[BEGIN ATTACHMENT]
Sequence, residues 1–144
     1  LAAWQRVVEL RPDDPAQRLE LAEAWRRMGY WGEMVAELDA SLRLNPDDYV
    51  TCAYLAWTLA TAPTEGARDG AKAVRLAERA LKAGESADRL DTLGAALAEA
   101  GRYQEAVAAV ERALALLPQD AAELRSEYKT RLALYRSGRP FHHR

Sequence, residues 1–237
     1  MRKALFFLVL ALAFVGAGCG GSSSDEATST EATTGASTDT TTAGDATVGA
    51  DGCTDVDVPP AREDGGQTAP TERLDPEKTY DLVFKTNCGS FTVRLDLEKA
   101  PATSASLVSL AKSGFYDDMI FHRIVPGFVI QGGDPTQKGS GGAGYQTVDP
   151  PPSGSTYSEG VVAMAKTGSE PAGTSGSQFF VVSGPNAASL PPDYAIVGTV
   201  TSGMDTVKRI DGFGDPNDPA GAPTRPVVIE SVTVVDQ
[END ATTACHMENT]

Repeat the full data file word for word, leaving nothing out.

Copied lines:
Sequence, residues 1–144
     1  LAAWQRVVEL RPDDPAQRLE LAEAWRRMGY WGEMVAELDA SLRLNPDDYV
    51  TCAYLAWTLA TAPTEGARDG AKAVRLAERA LKAGESADRL DTLGAALAEA
   101  GRYQEAVAAV ERALALLPQD AAELRSEYKT RLALYRSGRP FHHR

Sequence, residues 1–237
     1  MRKALFFLVL ALAFVGAGCG GSSSDEATST EATTGASTDT TTAGDATVGA
    51  DGCTDVDVPP AREDGGQTAP TERLDPEKTY DLVFKTNCGS FTVRLDLEKA
   101  PATSASLVSL AKSGFYDDMI FHRIVPGFVI QGGDPTQKGS GGAGYQTVDP
   151  PPSGSTYSEG VVAMAKTGSE PAGTSGSQFF VVSGPNAASL PPDYAIVGTV
   201  TSGMDTVKRI DGFGDPNDPA GAPTRPVVIE SVTVVDQ